Steeped in the art of illusion, Oscar perceives himself to be less than honorable. He comes across that way too, as cunning, crafty, and shrewd. As viewers, we question his integrity, just as he does of himself.

 

Like Dorothy, Oscar is carried to Oz by a tornado. There, he appears to be the foretold Wizard who will defeat the Wicked Witch and restore peace and harmony in the Land of Oz.  

 

Accepting the call to act as Wizard brings Oscar through many conflicts and trials with the three witches and within himself. Often, he doubts his ability to do any good at all.  In fact, he begins to see himself as even less worthy, a really big fake, because he is pretending to be a Wizard with truly special powers.

 

It takes the Good Witch, Glinda, to reflect to him, again and again, what she sees in him: a man doing his best, a man with a caring heart, a man with limitations and flaws, yes, but a man with goodness at the core, a man who is worthy.

 

At last, at the end of the movie, Oscar sees himself as worthy. He commits to trying his best to restore peace and harmony to the Land of Oz. He becomes the Wizard.

 

May we all see worthiness in ourselves and one another, do our best to bring peace and harmony to our world, and become what we are called to be.

FAITH IS LIKE A SAFETY NET

Purple stained cloth and glass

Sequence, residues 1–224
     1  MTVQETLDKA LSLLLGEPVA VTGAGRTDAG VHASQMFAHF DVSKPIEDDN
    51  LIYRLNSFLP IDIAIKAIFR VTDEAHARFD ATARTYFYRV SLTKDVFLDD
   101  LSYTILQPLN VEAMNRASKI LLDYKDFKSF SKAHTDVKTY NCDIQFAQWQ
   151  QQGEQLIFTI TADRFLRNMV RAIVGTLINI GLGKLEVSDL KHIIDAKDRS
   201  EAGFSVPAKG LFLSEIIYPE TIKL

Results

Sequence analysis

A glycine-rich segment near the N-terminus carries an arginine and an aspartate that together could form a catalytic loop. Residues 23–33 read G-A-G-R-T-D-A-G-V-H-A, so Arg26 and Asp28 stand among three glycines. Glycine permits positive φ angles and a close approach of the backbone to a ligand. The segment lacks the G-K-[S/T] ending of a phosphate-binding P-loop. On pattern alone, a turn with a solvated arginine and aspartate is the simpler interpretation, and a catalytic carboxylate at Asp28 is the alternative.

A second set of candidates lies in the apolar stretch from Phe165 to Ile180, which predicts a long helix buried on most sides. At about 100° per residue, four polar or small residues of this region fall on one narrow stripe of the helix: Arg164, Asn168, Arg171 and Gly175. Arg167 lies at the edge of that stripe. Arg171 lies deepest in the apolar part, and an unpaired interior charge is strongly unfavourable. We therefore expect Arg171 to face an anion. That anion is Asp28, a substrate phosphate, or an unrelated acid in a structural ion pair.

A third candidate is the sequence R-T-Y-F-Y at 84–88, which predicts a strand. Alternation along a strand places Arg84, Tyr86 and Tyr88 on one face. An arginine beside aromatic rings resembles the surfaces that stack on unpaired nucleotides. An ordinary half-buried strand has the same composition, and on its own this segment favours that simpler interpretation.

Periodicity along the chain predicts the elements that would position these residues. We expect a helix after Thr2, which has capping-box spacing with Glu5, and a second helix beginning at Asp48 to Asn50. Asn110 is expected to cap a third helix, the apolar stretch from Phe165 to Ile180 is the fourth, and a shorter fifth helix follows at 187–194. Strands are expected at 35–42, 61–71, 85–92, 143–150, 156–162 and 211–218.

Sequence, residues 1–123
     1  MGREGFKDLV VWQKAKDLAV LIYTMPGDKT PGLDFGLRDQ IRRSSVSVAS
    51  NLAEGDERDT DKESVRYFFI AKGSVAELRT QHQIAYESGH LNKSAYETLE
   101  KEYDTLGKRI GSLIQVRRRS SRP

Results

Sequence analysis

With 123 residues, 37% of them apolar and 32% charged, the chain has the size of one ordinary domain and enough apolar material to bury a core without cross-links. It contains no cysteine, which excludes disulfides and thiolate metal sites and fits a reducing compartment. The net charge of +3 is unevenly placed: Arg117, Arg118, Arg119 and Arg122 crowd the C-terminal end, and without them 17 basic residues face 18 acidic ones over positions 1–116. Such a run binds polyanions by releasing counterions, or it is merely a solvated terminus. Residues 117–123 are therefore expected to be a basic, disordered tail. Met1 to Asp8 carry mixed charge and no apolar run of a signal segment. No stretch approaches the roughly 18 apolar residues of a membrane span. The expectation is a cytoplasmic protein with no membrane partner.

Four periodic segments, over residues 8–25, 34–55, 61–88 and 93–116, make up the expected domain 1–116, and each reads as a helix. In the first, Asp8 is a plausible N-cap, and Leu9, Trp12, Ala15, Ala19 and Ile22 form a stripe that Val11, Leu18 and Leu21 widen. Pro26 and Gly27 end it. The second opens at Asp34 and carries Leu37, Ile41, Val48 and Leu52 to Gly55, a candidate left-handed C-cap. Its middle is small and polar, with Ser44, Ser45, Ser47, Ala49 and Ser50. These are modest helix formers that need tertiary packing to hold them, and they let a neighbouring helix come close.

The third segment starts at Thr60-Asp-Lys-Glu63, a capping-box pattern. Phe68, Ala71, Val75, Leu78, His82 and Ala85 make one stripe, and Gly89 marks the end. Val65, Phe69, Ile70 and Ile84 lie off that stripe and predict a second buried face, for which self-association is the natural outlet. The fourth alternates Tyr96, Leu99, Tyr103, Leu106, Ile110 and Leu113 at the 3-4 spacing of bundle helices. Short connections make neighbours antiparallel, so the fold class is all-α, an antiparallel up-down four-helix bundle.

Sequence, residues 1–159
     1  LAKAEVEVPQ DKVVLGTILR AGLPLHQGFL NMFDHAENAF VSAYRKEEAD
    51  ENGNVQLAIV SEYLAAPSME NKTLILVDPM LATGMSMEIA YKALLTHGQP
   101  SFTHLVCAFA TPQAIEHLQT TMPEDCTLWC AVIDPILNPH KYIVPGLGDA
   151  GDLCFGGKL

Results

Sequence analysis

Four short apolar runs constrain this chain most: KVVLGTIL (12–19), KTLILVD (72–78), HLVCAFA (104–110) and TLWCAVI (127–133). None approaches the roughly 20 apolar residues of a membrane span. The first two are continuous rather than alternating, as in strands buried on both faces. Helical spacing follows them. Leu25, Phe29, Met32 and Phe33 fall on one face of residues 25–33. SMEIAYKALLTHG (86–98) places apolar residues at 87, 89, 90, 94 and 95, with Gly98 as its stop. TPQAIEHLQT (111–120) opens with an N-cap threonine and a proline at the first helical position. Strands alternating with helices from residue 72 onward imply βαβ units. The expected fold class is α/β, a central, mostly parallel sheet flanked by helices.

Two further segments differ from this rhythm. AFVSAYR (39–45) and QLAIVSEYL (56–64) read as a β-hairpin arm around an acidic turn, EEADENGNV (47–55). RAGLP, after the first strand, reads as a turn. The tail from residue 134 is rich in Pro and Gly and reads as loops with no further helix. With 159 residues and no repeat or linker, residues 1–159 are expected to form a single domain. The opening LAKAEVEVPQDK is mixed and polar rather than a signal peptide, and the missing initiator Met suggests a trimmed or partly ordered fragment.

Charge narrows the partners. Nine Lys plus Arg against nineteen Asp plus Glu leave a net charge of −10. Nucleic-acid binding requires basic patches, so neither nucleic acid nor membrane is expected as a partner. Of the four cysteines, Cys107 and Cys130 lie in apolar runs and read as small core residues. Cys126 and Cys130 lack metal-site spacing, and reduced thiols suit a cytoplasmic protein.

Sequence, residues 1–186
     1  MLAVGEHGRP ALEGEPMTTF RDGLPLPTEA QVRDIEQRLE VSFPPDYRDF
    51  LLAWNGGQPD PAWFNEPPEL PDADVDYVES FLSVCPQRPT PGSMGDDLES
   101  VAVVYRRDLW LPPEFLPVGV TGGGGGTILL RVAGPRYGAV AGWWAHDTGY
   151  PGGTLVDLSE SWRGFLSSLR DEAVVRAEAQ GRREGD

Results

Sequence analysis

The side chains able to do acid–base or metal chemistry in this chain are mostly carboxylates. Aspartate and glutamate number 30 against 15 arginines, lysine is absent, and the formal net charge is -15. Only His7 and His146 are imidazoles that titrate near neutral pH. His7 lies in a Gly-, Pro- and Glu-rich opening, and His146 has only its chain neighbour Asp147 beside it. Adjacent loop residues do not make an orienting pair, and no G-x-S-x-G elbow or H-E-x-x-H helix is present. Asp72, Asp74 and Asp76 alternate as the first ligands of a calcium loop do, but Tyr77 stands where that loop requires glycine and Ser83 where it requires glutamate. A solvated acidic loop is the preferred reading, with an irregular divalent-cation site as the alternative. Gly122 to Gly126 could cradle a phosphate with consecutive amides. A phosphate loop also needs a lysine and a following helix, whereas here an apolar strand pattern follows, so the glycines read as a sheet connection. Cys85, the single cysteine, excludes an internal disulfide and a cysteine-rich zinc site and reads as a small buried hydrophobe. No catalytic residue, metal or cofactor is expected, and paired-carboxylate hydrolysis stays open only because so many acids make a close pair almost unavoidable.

I had just written my “Today’s Touchstone” message for tomorrow about faith being like a safety net.

 

I made a Berry Smoothie and then slipped on a drop of water on the kitchen floor.

 

The  amazing thing is: I felt cradled on the way down to the tile.  Time slowed.  I somehow landed gently.  So did the glass.  It fell on the tile but did not break!


I wish I had thought to get a photo of the mess before my husband kindly cleaned it up. The deep purple drink splattered everywhere. Here’s a photo of that glass next to a formerly-white washcloth after repeated rinsing.

One sip of the drink remained in the glass. It was delicious.

 

What was more delicious was experiencing a sense of safety and being cared for, even during and after the fall, especially in light of what I had just written to share with others:

 

“Parachutes weren’t proven trustworthy
by having people carry them around on their backs.
The device showed its reliability once someone jumped.”
– Mary Manin Morrissey

 

Are you facing anything now that calls for a leap of faith?